When Liz asked me why I was willing to spend essentially days in a car driving long distances for just the chance to view a few minutes of an eclipse under clear skies, I responded, “Is there anything you’ve been trying to do for more than 50 years that you haven’t been able to do?”

That question seemed to satisfy her. And even if her answer to the question was no, that didn’t change her willingness to join us.

When I explained my plans to my boss, he responded, “You’re committed.” And I replied, “Liz certainly thinks I should be.”

Hitting the road

Our plans only required me to book one plane trip for my daughter and myself, to and from St. Louis, on refundable Delta Air Lines flights on Saturday and Monday.

Being in St. Louis would position us to drive anywhere along a 400-mile stretch of the path of totality on Monday morning, from northern Arkansas to Bloomington, Indiana, and still make it back to the St. Louis airport for our flight home that evening. Getting home quickly is a key so my daughter can be back in her college classes the next day.

Any viewing point north and east of that part of the path we can accomplish by driving from my home in New Jersey. Indianapolis would be a stretch – about an 11-hour drive. But doable. My daughter is game for coming along for the long car ride to most of those locations.

And the drive would get shorter the further east our viewing plans move, until I would be only about a four-and-a-half-hour drive to Oswego, New York, on the shores of Lake Ontario, near Rochester.

And if the viewing point moves east of there, I could still see the eclipse with a slightly longer drive. It’ll be a mere nine-and-a-half-hour drive to the aforementioned Hartland, New Brunswick, home of the world’s longest covered bridge, according to Google.

Troubling forecasts

I was thinking I might have a large number of options to choose from and a near certainty of finding clear skies.

But the early cloud and weather forecasts are not looking promising. Most of my 1,400 mile stretch of the path has a good chance of rain, let alone clouds. And the forecast is even worse in normally sunny locations further south and west in places such as Texas.

Looking ahead to the eclipse forecasts weeks or months ago, the assumption might have been that Texas and further south would have prime viewing weather. But that’s just not the way it worked out, CNN meteorologist Taylor Ward told me Thursday afternoon.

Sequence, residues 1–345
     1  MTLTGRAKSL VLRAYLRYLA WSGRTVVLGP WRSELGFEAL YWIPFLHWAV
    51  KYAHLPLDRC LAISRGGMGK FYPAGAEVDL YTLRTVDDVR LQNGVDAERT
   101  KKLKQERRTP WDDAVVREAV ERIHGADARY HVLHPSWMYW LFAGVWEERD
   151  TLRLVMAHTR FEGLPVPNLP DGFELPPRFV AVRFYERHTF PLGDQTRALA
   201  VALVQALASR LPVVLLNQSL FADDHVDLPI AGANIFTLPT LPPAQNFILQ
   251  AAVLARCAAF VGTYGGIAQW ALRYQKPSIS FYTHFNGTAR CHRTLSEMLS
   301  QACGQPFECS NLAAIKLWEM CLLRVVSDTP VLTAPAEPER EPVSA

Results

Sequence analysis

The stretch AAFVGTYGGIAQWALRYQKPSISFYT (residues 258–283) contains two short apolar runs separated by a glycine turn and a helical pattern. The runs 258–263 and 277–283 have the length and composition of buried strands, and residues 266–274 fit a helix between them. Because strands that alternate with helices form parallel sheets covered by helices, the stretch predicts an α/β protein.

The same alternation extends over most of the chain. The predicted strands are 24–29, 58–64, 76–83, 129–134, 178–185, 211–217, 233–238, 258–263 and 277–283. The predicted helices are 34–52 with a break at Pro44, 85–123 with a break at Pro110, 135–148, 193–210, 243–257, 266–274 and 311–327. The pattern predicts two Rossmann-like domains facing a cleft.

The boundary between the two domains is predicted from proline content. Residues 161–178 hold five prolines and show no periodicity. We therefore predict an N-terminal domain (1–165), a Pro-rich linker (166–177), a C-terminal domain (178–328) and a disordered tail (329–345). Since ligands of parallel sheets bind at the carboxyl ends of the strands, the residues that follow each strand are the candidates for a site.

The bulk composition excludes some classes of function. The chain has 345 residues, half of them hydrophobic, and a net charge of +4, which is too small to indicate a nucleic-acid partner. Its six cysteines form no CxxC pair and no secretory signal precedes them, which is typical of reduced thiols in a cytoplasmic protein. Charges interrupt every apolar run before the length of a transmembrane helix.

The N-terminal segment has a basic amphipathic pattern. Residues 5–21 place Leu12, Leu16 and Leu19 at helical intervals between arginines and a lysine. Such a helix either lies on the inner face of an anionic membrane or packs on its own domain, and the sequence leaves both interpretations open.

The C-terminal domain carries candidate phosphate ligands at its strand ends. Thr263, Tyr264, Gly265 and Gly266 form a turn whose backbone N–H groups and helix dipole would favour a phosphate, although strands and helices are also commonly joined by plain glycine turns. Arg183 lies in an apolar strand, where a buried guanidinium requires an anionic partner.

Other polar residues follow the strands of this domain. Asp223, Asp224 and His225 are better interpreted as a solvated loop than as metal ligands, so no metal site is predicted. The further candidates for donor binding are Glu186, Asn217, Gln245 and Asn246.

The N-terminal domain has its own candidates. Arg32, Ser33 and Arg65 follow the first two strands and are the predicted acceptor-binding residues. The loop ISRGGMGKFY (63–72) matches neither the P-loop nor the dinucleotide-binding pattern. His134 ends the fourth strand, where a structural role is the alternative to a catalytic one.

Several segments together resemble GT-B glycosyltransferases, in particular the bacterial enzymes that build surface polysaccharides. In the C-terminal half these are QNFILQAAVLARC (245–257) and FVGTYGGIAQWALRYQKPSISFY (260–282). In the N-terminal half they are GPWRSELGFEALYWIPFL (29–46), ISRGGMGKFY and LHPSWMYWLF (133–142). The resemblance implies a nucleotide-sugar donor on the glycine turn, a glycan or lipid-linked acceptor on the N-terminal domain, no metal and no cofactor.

“That’s the difference between climate and weather,” he said. “It might average out that Texas is better but right now it’s not looking that way.”

Meanwhile, locations in northern New England relatively close to my New Jersey home (compared to the rest of the path) might be the best bet, even though much of that area was being hit with an April snow storm Thursday.

“I think northern New England seems the safest of all right now. It’s been a miserable day today, but that will change as we head to the weekend,” Ward told me. He cautioned me things could change between now and Monday, though.

So right now I’m looking primarily at locations in western or upstate New York, northernmost Vermont and New Hampshire or Maine as my best shot at clear skies, even if it’s possible my daughter and I will be standing in the slushy remains of snow.

Still, I’m hopeful. And I’ve needed to make only a couple of hotel reservations – one in St. Louis, one in Portland, Maine. Friends and family stretched from Indianapolis to New Hampshire would be able to accommodate me elsewhere on the path.

But if all the planning and checking forecasts and making plans isn’t enough this time, I’m already looking ahead.

There’s an eclipse in western Alaska and the Bering Strait in 2033. I’m guessing there will be cruises then that negate the need for long car drives. And there’ll be one in Montana on August 23, 2044, my 84th birthday as it so happens, assuming I’m still mobile enough then.

But here’s hoping I can finally achieve my half-century quest to see an eclipse and neither myself nor my daughter have to wait that long.